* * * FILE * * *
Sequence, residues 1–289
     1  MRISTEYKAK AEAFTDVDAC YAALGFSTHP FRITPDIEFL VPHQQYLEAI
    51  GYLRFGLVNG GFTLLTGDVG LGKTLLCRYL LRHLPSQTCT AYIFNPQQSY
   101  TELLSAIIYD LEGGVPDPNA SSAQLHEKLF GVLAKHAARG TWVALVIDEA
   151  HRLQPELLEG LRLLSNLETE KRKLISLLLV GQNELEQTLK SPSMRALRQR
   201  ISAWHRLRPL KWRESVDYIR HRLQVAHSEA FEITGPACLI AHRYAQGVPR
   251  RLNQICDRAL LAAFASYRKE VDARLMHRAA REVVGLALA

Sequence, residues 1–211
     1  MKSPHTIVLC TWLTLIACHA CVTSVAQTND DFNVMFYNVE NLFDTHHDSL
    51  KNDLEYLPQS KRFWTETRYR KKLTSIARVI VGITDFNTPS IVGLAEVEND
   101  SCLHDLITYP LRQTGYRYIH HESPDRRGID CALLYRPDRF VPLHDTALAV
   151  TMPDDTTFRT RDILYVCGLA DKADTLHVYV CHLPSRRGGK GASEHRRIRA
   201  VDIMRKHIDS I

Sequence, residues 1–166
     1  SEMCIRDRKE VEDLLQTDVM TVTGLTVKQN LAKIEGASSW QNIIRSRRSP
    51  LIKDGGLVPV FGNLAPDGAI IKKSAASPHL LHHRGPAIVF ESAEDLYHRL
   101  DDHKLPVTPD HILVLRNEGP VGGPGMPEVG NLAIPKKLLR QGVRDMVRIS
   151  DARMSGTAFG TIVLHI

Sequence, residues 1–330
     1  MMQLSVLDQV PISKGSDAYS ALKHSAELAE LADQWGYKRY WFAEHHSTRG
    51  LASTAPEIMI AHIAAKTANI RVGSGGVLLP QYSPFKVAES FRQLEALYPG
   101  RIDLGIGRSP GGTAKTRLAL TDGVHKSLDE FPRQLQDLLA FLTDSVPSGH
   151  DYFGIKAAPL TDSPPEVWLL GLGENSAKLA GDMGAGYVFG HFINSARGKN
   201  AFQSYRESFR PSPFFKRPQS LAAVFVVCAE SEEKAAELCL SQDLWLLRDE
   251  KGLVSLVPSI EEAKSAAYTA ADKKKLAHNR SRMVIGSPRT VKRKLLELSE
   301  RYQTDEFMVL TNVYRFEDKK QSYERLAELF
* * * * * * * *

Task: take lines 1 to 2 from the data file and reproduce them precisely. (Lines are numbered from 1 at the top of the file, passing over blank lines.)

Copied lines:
Sequence, residues 1–289
     1  MRISTEYKAK AEAFTDVDAC YAALGFSTHP FRITPDIEFL VPHQQYLEAI